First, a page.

So you ask, what’s a book published in 2016 doing appearing on this blog? Now and then we make an exception as we did with Elena Ferrante’s exquisite My Brilliant Friend. Black Water ranked among last year’s New York Times 100 Notable Books. The New York Times itself gave Black Water a second chance by listing it in the Paperback Row column, reserved for notable books making their paperback appearances. The irresistible description began, “Hidden away in a Balinese town, John Harper, a contractor for a faceless European corporation, is waiting to be murdered.” It went on to tout the novel as an “excellent thriller.”
If you’re looking for the second coming of Gone Girl, Black Water is not it. It’s an existential, literary thriller, steeped in Indonesian history and culture, featuring a long-in-the-tooth protagonist, who’s low on heroism and high on introspection. Louise Doughty is an accessible, intelligent writer, whose previous novels have been up for some of England’s most prestigious literary prizes but have unfortunately never snared one. She’s done an impressive amount of homework–don’t think of reading this book without simultaneously doing some of your own. (Second Chances has made that task easy for you. See History Behind The Book: The 1965 Indonesian Massacres)
John Harper, whose true name is Nicolaas Den Herder, is an operative for an anonymous and sketchy Institute. The Institute, which is based in the Netherlands, acts as a fixer for the private sector, exhuming buried information and arranging emergency extractions from danger zones. Sometimes, too, it acts as a tool for covert governmental entities.
Harper’s career in the Institute is bounded by two watershed years in Indonesian history: the bloodbath of 1965 and the uprisings against Suharto in 1998. His chief asset for being the guy on the ground is his looks. He’s the child of a Dutch mother and Indonesian father, and he can go where no Dutchman dare venture.
When the novel opens, Harper is in a secluded hut in Bali, awaiting his assassination. Something has gone badly wrong with his assignment in Jakarta. Nonetheless, despite the ticking clock, Harper ventures into the adjoining village and begins an affair with Rita, another expat whose damaged psyche has drawn her overseas. Harper is damaged in his own way, and, in this case, likes attract.
During restless nights where retrospection is the only activity on the agenda and in confiding conversations with Rita, the details of Harper’s life emerge. He was born in a Japanese concentration camp in Indonesia. His father was killed by the Japanese. These early tragedies presage the rootlessness and misfortune that dog Harper: a mother whose internment in the Japanese camp has in a sense liberated her from any sense of responsibility to others, including her son, and a failed marriage, itself tainted by death. Somewhere in the middle lies a brief, happy interlude under the care of a righteous, loving grandfather that ends catastrophically.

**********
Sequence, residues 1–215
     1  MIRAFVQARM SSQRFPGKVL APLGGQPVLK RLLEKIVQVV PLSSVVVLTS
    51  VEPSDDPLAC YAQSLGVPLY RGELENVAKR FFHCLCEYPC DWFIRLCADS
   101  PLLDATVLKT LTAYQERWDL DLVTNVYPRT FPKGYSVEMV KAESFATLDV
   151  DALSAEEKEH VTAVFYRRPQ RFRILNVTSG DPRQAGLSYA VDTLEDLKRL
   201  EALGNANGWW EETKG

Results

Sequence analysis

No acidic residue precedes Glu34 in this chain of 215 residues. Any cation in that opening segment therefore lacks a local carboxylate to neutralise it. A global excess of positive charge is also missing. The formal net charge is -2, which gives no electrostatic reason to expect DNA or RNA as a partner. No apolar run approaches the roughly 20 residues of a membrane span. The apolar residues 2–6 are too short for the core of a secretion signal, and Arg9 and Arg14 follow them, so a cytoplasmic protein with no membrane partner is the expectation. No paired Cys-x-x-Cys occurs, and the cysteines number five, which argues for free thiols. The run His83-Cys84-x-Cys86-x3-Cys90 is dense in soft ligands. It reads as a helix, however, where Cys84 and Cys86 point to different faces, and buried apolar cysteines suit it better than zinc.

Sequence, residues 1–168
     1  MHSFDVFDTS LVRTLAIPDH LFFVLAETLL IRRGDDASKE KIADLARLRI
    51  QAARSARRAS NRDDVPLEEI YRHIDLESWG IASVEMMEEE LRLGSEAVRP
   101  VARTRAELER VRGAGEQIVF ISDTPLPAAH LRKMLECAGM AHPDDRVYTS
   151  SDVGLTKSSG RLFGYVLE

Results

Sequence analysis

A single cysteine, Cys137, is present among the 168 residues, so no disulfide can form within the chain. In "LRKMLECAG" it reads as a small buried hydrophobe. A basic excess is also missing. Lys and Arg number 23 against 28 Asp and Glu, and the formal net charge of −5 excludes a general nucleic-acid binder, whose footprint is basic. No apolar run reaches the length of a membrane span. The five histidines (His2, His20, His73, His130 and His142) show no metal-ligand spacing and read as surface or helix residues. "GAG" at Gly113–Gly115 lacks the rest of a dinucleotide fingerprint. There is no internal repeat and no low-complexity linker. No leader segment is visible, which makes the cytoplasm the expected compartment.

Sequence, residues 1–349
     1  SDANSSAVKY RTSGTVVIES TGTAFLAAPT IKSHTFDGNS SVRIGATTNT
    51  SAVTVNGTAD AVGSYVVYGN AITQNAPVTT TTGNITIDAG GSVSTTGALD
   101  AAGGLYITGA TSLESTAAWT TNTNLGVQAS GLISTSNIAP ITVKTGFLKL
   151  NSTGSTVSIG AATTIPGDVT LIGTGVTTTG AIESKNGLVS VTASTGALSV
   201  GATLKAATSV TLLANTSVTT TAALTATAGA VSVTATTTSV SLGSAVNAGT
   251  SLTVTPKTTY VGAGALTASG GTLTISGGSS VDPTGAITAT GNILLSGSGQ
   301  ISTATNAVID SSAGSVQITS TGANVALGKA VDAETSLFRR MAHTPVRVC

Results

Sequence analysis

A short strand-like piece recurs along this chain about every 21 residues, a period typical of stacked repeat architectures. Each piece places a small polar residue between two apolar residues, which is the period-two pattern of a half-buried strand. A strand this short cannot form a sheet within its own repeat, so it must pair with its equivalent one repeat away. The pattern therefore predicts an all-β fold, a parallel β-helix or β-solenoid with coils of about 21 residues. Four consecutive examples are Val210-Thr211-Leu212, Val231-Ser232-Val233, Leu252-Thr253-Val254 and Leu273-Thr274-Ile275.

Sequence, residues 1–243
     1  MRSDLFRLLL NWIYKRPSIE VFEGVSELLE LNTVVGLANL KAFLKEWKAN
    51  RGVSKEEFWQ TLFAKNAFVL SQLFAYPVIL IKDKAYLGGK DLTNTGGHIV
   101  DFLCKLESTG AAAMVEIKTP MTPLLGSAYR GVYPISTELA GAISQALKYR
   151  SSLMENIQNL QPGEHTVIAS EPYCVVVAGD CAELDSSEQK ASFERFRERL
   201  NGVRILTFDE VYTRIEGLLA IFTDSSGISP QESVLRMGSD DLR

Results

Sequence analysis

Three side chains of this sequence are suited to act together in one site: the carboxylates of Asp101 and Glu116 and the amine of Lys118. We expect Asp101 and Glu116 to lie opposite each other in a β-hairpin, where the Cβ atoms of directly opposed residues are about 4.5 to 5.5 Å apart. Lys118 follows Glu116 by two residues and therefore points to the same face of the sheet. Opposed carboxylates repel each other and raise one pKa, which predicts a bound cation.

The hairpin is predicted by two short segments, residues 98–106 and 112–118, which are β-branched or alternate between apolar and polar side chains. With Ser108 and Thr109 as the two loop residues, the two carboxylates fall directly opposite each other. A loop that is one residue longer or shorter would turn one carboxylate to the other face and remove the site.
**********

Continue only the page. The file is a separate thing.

Harper reflects upon both his and Indonesia’s experiences during that harrowing period in 1965 and, most of all, about what it means to be the little guy ensnared in cataclysm. ” A coup only happened to the people it happened to,” he thinks. For the Indonesian on the street, “those events were a mere backdrop against the perpetual problem of where to find rice that day, how to pay for it, where to put your belongings when the river rose.”
He muses about his own role in 1965–as a courier of a CIA list of suspected Communists– and moralizes about issues of choice and complicity. “Those people were going to be killed anyway. The list might speed things up a bit, that’s all–and think of all the people who would have been killed if the Communists had succeeded in taking power. A man like him wasn’t a policy-maker. The big decisions could only be made by people who had all the facts. He, Harper, only knew a tiny percentage of the story–you had to look at the big picture, after all. He had been hired to pick up a leather case and deliver it somewhere else. If he hadn’t been hired to do that job, then someone else would have been.” Pawns are not supposed to reason why. He consoles himself by observing that evil people do not question themselves on their deathbeds. Is that yet another lie he tells himself? Are pawns innocent? All Harper knows for sure is that the men at the top of the chain–the men in suits–“always kept their own hands clean.”
So where’s the thrill in the thriller? It lies in the peeling away of the layers that explain why Harper is in Bali, trembling in a hut and looking over his shoulder. It lies in the question of whether the past has cut short Harper’s future or if there can be a second act with Rita. And it lies in whether paranoia is an occupational hazard of men like Harper or whether the men in the night with machetes are real. Or is that noise only the rain?